• Price: $69.99 on Lego and $69.95 on Amazon
  • Weight 1,042 grams
  • Combo Points: (12X36X1X2) = 864 points
  • Volume (Based on Blob length/width/height): 256mm x 256mm x 22.4mm or 1468.01 cm³ but with extra 1727.0 cm³




  • Uniqueness: 5 out of 5 Stars
  • Aesthetics: 5 out of 5 Stars
  • Fun to Build: 5 out of 5 Stars
  • Hoarding: 4 out of 5 Stars




What Else? So this is part of what took so long for this review, but instead of just doing a section showing the alternatives in the back, and possibly some GIFs of solving the puzzles – I decided I should make my own puzzle. My main approach was to do one where 2 balls were required forcing you to be vary careful in your movements, and also to showcase the 2 default themes to the maze.



Remix: For my remix I actually took a page out of JK Brickworks book (of a Trebuchet) and turned the maze into a catapult.  Thanks to the large base of the artillery I was able to sneak and hide the remainder of the pieces leaving me up to the addition of a single piece which in this case is a machinists v-block to act as a counter weight. (Which I guess fits the +/- 5 piece rules for remixes?)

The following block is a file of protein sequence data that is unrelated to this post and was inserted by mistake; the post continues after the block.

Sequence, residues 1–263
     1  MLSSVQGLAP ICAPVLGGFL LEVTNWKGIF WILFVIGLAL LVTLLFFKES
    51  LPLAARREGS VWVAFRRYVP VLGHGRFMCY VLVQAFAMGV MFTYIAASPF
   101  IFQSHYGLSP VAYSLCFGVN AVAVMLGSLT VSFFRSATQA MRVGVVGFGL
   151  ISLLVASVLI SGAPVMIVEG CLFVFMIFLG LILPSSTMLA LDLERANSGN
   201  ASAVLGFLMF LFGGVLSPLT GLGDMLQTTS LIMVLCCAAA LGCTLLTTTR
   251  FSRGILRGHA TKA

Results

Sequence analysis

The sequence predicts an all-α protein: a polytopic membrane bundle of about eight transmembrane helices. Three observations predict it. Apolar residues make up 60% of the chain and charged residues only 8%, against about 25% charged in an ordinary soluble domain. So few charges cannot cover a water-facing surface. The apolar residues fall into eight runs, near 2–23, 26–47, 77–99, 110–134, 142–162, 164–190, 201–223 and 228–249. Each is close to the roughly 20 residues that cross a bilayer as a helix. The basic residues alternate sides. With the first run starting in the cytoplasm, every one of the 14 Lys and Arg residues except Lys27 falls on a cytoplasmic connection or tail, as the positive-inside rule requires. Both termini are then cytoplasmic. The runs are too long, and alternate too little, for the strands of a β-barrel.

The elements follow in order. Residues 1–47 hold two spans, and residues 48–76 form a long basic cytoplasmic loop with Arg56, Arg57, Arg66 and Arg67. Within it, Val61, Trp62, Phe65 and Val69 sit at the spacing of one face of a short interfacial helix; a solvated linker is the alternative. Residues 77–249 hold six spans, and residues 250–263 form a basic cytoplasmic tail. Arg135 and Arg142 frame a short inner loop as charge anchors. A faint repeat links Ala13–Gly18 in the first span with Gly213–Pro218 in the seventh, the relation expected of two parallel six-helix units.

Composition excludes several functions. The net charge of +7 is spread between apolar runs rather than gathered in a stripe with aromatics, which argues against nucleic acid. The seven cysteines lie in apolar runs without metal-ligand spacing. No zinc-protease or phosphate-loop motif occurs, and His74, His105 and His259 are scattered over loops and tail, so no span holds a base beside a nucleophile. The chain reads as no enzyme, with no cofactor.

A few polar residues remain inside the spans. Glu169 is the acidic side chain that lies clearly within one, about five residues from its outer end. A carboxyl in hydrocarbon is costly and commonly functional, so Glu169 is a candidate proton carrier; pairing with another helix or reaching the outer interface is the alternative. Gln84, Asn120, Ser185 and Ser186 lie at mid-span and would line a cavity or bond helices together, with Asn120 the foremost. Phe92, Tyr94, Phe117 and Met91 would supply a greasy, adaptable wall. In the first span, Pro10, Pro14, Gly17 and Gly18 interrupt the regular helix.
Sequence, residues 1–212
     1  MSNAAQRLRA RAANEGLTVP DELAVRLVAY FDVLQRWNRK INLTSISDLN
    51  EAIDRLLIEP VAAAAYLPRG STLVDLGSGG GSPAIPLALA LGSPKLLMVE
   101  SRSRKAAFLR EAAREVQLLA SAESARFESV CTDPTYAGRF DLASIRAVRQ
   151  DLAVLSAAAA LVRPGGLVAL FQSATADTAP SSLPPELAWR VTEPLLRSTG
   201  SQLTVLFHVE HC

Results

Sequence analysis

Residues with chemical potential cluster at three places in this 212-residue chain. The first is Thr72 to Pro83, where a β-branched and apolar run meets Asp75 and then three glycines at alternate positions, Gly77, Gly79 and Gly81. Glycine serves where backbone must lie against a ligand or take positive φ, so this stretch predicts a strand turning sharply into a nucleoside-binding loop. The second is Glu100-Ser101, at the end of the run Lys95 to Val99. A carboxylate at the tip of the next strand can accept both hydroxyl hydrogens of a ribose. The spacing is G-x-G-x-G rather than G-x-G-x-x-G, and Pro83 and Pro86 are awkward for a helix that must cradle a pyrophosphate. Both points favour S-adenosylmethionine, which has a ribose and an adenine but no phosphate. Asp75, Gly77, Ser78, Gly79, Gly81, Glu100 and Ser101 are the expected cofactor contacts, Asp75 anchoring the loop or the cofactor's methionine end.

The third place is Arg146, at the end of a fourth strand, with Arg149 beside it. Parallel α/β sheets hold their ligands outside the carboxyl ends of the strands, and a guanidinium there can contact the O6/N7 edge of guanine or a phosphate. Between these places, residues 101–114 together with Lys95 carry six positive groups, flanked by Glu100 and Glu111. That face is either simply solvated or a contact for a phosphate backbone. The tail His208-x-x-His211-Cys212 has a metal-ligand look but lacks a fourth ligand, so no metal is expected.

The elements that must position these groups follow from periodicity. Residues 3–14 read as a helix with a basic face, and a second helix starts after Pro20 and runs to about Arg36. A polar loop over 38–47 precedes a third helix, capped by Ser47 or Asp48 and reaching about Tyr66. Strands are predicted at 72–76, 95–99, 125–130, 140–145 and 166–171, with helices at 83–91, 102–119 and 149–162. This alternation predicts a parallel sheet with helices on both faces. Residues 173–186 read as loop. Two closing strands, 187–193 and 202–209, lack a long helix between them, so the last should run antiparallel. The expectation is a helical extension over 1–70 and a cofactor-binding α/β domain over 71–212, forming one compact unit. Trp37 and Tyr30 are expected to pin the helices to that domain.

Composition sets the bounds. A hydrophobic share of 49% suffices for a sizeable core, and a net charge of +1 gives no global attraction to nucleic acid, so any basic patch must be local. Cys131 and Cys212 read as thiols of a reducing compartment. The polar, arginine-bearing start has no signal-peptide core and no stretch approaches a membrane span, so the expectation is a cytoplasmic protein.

Now I will admit that despite the little pull trigger I have and the weight – this doesn’t exactly fire in any spectacular way. It does however look the part.


(Not Pictured Below: Me cursing as 4 tiny Lego soccer balls roll around my floor)



Final Thoughts: I love this set, and it’s not just because it’s another Ideas set, or because it’s from Jason, or even because it’s like those old ball maze games that I also love. I love this set because it’s totally unique to a lot of what Lego sets you would see in a store, but in truth it embodies what Lego can be. Something that isn’t just basic bricks or technic, but a combination. Something that can easily adaptable from other sets and themes that practically forces it to not just be a display model. It’s something a parent would have just as much fun making and playing as their kid would. There’s been a lot of really complex or ‘neat’ sets that have tried and failed to go through the Lego Ideas process – but I really think they understood here. That they knew a set like this had to be Lego.

Final Score: 5 out of 5 Stars